If you haven’t read the third book in my Calusa Town Tales series, it is on sale today for 99 cents. Some other clean romances are also on this after Easter sale at victoriapinder.com/category/blog.
I am a big fan of the Food channel, so I incorporated some of what I’ve watched into my novel, Island Dream.
“Zumba teacher Isabella Ramos moved from Miami to quirky, small town Calusa to open a restaurant. Luc Girard arrives on the Florida island to become a painter, or so he says. The attraction is instant. But the secret he’s keeping threatens to deflate their relationship like a fallen soufflé. It takes the right mixture of ingredients for dreams to come true.”
Here is a recipe from Food Network’s Ingrid Hoffman that Isabella might make although to lighten it up, she might substitute ground turkey and use cooking spray instead of the olive oil. It makes about 6 cups.
2 tablespoons olive oil
1 large yellow onion, finely chopped (about 2 cups)
4 cloves garlic, minced
2 bay leaves
1 pound ground beef or combination of beef chorizo, and pork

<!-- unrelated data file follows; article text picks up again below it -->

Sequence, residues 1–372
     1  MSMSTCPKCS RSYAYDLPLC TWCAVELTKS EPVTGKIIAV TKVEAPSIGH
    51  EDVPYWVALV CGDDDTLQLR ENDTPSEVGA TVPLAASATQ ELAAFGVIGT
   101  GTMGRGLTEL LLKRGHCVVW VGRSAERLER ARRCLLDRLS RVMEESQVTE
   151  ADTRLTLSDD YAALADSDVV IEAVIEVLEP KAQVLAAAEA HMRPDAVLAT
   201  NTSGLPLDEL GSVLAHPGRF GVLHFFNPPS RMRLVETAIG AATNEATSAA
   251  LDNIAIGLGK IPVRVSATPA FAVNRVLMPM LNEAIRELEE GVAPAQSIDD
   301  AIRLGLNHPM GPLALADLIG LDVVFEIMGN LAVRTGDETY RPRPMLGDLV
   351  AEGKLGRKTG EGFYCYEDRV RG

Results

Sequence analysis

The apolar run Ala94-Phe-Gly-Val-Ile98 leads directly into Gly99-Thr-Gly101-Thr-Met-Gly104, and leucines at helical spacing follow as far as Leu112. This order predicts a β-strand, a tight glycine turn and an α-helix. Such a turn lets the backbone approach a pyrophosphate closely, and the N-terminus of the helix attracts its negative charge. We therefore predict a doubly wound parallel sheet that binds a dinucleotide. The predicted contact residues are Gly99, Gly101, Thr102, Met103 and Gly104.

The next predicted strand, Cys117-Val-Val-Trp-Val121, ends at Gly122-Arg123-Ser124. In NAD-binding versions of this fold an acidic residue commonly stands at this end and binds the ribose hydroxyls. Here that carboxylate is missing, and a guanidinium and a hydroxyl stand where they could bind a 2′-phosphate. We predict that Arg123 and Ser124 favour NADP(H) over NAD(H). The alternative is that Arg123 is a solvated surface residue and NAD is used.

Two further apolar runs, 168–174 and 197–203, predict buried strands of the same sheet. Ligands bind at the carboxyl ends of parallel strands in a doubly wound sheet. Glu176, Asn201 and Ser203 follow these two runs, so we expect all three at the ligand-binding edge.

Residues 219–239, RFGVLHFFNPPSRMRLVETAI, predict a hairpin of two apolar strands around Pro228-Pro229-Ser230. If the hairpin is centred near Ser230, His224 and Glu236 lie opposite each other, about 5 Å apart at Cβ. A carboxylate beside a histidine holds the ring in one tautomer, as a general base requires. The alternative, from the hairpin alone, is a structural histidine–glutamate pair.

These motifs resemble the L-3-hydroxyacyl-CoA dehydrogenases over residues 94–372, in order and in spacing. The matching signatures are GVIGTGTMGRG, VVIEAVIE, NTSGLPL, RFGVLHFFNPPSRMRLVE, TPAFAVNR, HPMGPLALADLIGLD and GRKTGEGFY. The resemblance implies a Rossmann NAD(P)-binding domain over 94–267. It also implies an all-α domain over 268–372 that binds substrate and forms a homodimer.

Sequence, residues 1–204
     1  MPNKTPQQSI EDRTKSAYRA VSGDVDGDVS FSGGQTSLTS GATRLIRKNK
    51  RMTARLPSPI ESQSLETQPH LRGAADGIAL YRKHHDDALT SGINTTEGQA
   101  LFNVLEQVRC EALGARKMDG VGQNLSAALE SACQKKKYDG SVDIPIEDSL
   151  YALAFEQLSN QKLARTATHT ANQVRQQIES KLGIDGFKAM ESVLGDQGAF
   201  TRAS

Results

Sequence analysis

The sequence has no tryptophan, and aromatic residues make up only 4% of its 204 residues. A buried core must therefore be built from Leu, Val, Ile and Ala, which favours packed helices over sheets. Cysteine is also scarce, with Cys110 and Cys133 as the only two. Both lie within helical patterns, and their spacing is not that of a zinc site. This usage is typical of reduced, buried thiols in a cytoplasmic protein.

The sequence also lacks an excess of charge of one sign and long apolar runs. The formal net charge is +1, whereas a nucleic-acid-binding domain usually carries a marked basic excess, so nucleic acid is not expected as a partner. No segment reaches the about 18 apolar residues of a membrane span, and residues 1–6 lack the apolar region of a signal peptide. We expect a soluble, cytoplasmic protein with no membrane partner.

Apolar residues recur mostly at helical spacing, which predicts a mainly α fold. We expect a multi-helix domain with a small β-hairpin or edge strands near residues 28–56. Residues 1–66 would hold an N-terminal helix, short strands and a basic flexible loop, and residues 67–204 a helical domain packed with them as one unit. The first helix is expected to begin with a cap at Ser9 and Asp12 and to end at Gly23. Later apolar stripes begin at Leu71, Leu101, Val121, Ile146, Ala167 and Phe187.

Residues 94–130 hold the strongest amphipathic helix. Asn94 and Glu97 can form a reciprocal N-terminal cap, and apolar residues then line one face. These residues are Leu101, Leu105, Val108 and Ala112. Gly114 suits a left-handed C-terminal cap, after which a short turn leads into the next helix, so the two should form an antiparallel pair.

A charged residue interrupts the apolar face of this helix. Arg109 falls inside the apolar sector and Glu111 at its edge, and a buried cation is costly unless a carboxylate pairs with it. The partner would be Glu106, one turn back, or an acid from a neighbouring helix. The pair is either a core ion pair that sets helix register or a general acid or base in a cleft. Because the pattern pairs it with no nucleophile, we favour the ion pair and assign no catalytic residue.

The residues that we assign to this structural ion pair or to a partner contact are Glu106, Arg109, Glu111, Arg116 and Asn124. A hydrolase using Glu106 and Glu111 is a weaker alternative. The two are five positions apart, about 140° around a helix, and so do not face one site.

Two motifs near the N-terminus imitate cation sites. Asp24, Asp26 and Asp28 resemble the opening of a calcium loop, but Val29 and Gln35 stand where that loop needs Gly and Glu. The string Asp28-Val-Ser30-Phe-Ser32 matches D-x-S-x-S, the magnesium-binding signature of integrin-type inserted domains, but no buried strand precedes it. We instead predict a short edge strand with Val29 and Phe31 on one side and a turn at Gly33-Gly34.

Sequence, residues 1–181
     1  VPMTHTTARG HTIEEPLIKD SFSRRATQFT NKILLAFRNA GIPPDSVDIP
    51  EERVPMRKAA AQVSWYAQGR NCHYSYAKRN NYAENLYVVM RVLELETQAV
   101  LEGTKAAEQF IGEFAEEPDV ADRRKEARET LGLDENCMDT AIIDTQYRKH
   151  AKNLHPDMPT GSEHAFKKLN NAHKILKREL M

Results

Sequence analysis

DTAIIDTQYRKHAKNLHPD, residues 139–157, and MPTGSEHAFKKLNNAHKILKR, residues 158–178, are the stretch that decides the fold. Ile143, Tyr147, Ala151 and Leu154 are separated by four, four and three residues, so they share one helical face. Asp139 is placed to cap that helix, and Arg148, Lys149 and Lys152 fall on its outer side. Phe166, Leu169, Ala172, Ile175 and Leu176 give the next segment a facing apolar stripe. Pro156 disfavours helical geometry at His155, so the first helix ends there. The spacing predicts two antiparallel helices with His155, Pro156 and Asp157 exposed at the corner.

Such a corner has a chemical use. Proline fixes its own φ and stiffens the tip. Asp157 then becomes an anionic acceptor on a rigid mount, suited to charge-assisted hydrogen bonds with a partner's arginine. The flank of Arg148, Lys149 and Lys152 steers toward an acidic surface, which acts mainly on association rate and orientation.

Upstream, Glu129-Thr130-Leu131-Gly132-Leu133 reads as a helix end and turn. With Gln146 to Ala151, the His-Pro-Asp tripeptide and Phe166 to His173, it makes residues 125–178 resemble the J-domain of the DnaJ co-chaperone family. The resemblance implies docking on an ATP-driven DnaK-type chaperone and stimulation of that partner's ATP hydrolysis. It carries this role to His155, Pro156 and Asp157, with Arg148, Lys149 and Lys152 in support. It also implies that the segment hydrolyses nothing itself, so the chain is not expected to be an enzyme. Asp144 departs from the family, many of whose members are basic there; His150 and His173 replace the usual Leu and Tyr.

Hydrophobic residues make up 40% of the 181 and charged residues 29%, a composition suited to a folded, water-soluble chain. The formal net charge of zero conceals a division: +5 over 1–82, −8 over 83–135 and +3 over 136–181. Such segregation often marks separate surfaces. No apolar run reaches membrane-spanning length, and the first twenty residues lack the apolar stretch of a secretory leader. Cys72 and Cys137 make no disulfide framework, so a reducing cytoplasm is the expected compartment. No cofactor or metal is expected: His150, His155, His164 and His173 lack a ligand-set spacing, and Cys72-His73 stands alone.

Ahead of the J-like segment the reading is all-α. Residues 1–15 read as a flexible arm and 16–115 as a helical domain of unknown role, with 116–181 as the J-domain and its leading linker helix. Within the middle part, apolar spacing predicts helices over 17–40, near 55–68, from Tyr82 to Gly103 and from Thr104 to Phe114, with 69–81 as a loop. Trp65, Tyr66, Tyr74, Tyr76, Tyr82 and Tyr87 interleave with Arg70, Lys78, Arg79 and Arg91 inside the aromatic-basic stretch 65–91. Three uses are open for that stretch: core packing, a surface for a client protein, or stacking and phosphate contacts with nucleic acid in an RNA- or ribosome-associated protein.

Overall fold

1/3 cup dry white wine or dry sherry
10 cherry tomatoes, chopped or 1 (8-ounce) can diced tomatoes with juice
1/3 cup tomato paste
1/3 cup chopped pimento stuffed Spanish olives with 1 tablespoon brine from jar
1/3 cup raisins
2 teaspoons dried oregano
2 teaspoons ground cumin
1/4 teaspoon cayenne pepper, optional
Salt and freshly ground black pepper
- Heat oil in a large skillet over medium-high heat. Add onion, garlic, and bay leaves and saute until onion is soft, stirring frequently, about 4 minutes.
- Add ground beef to skillet and cook until browned. Once the meat is browned, carefully away from the flame, tilt pan and remove excess fat with a large spoon.
- Add the white wine and stir for another minute. Then add the chopped cherry tomatoes, tomato paste, pimento stuffed Spanish olives, raisins, dried oregano, cumin and cayenne pepper. Simmer over low heat for another 8 minutes, stirring occasionally. Season with salt and pepper.
- Serve warm:
- As a filling for empanadas or tacos